The Canadian dollar weakened against its U.S. counterpart and all the other G10 currencies on Monday, as recent data showed that speculators have added to bearish bets on the loonie despite it climbing to a seven-month high.
The loonie was trading 0.4 per cent lower at 1.3226 to the greenback, or 75.61 U.S. cents. Earlier in the day, the currency touched its strongest intraday level since Jan. 24 at 1.3130.
“The Canadian dollar is broadly underperforming, which rather tells you that the dislike for the Canadian dollar that we seem to be seeing pretty consistently from the FX market is still there,” said Shaun Osborne, chief currency strategist at Scotiabank.
Speculators have raised bearish bets on the loonie to the highest since May, data from the U.S. Commodity Futures Trading Commission showed on Friday.
“At some point we will see either a capitulation, or short squeeze from the CAD bears, or the CAD is going to go quite significantly lower,” Osborne said.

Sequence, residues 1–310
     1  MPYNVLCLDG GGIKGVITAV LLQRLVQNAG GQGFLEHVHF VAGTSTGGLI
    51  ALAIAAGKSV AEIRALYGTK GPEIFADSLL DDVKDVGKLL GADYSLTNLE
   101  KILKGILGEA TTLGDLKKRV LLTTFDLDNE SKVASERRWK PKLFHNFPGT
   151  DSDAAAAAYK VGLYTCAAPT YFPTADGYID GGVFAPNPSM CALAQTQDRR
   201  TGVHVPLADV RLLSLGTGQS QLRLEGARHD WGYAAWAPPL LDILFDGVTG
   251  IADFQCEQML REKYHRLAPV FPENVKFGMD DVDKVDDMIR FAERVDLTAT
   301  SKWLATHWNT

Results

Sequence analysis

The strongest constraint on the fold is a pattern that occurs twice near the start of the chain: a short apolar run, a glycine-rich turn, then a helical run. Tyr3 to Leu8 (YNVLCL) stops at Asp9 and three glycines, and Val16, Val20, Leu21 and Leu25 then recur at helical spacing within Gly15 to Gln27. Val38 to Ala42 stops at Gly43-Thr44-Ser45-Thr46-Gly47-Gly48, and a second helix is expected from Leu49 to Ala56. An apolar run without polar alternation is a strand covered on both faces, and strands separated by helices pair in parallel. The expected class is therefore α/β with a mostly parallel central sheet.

U.S. crude oil futures settled 0.7 per cent higher at $42.62 as storms headed for the Gulf of Mexico shut more than half of the region’s offshore production, with the more dangerous of the two storms expected to strike later in the week.
Canada is a major exporter of oil, as well as other commodities including lumber. The country largely won a case before the World Trade Organization in a long-running dispute with the United States over U.S. duties imposed on its softwood lumber exports.
The Bank of Canada is asking Canadians for the first time to provide feedback on the inflation targeting framework it uses to set monetary policy, the central bank said.
Canadian government bond yields were higher across much of a steeper curve on Monday, with the 10-year up 2.2 basis points at 0.560 per cent.
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